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So, I have a table with about 2.4M rows and ~30 columns. There is no unique column within the data. The data is transaction logs from stores where each transaction number is only unique on a per store basis and resets at midnight, but that's besides the point.

As it stands, queries on this table take upwards of one minute and I can't figure out why. I have added indexes on columns that have high selectivity ratio but it hasn't made any difference. So, if I add an auto increment 'id' field for each row, would that speed things up, or are the queries slow because there are so many columns and so much unique data?

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    What RDBMS? it will make a difference as each one has nuances. And, posting the DDL of the table and a representative query would also help. Sometimes things are buried in the details that generic answers (like what you are going to get with the present level of info) might not account for. – Solomon Rutzky Nov 15 '14 at 22:54
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    While we wait for more details, I should point out that "each transaction number is only unique on a per store basis" means: if there is a StoreID or similar identifier for a particular store in this table, then you do have a means of unique identification that could be used as a PK. A PK doesn't need to be a single field. But also, a PK is a logical construct and won't help performance on single-table queries (though the index that often comes with them usually does, at least for queries that filter on those fields). – Solomon Rutzky Nov 16 '14 at 2:00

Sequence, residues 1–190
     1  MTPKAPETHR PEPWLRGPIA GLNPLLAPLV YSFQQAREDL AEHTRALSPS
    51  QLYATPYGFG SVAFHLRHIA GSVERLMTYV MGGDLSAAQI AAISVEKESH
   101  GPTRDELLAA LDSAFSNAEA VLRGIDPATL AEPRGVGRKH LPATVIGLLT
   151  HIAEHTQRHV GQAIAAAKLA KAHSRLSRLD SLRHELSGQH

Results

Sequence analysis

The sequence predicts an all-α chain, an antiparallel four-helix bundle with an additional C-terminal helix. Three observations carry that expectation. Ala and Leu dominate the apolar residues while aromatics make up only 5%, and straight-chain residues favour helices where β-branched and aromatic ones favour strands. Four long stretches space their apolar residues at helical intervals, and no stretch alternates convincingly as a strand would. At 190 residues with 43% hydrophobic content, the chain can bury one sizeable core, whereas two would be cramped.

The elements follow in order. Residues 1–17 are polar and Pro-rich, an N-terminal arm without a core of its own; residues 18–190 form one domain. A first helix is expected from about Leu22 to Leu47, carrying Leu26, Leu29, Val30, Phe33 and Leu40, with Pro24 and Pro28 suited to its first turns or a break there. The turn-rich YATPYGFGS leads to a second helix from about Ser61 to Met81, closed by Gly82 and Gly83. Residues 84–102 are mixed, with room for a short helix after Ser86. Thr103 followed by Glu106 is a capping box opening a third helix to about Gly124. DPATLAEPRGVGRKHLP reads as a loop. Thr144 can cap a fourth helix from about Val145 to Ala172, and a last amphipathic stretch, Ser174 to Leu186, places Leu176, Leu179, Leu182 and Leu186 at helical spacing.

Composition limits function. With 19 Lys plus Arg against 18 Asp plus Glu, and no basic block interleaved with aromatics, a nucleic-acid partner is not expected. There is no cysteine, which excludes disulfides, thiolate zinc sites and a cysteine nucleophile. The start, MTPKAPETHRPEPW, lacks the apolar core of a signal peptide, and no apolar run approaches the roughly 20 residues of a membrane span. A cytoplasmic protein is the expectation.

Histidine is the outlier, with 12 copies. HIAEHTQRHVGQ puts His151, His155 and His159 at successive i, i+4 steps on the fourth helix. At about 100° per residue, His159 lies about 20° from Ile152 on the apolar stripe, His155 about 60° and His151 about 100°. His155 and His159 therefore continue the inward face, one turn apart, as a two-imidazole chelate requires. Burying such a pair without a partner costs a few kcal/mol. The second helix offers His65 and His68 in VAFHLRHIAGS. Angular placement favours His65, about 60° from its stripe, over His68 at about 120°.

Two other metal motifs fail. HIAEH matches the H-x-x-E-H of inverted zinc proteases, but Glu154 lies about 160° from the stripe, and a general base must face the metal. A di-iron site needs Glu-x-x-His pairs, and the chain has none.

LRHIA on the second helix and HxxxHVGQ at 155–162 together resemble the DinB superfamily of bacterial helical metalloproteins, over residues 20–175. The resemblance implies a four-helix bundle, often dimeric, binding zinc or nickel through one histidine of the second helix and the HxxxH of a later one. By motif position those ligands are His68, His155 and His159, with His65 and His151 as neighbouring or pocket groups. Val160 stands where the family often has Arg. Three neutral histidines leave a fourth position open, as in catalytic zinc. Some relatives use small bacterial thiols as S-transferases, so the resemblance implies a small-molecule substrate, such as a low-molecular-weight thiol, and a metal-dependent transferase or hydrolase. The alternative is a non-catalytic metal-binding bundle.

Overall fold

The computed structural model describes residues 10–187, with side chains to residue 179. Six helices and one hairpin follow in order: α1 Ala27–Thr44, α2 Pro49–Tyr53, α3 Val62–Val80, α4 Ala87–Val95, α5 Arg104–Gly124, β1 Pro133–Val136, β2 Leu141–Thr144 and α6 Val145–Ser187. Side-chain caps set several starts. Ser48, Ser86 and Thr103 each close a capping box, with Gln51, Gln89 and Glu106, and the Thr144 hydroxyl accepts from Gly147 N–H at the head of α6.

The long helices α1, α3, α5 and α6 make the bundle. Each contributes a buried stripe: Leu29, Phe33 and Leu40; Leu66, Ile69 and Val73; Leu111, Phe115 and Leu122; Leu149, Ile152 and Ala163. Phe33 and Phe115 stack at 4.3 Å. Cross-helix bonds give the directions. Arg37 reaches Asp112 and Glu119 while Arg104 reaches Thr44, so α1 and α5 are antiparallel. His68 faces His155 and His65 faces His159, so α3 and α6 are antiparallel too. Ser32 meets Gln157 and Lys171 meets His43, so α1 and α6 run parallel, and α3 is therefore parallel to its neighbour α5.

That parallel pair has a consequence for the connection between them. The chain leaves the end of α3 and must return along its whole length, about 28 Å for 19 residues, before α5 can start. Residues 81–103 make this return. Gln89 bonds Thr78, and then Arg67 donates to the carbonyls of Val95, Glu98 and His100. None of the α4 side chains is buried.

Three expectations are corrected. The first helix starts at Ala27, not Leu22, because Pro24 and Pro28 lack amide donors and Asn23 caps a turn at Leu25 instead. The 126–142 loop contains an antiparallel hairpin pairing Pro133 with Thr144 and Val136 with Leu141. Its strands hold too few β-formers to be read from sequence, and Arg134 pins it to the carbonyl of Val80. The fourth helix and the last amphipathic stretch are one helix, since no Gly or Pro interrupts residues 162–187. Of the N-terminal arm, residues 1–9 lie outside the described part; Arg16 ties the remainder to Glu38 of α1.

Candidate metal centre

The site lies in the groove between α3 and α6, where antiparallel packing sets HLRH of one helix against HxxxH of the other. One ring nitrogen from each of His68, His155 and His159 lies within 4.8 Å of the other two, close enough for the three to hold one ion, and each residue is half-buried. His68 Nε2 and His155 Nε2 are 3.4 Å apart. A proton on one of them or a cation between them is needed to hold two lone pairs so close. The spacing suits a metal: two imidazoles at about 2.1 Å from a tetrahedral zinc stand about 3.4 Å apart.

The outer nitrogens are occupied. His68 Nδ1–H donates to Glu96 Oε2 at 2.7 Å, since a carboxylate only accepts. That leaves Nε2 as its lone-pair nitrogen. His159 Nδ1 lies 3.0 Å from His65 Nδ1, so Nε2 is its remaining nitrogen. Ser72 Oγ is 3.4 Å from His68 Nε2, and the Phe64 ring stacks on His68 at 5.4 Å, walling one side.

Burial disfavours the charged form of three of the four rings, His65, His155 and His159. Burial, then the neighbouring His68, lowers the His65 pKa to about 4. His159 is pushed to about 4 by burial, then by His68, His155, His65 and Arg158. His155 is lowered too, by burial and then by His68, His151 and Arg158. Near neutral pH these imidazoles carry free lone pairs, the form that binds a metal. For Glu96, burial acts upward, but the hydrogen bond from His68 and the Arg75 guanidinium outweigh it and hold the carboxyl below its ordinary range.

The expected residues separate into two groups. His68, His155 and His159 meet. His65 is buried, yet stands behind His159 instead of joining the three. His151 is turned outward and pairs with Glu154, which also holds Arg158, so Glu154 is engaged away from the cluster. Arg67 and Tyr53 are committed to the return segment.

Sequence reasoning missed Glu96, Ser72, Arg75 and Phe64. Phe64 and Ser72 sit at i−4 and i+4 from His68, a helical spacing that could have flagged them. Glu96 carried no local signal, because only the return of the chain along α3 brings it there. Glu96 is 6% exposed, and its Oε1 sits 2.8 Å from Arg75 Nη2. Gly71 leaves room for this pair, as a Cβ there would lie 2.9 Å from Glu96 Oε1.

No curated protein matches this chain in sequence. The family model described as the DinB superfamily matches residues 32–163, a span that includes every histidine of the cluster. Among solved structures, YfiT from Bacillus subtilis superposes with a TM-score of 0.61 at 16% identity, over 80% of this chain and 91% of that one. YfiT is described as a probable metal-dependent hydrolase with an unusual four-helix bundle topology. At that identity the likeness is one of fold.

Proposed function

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The reason we specify keys for a table is primarily to improve the data integrity and usefulness of the data. Keys guarantee the table is free from duplicate data and therefore they allow the user/consumer of the data to identify information correctly. DBMS query optimizers and storage engines are designed to take advantage of keys so having a key will also give your DBMS the best chance of executing some queries efficiently but there's no guarantee that adding a key will improve performance in every case.

As others have pointed out, based on your description it seems like you may have identified suitable columns to make a candidate key.

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No, having a surrogate key would not speed things up.

You should consider what your queries are doing, and whether your indexes are sufficient.

For instance, if you are trying to find out the total sales for Widgets in Timbuktu on Christmas Day, then do you have an index on ProductID, StoreID, TransactionDate that also includes the SalesAmount? If not, how will that index manage to help you sum the SalesAmount column?

Also consider Sargability. To query against TransactionDate for records during December, you shouldn't apply any functions to the column, you should do something like: AND t.TransactionDate >= '20131201' AND t.TransactionDate < '20140101' because while you may have an index which involves TransactionDate, you almost certainly don't have an index involving 'TransactionDate converted to a month'.

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Having a primary key per se will not speed up queries. Primary key constraints are usually accompanied by a unique index. If this index matches query predicates or join conditions then those queries are likely to run faster.

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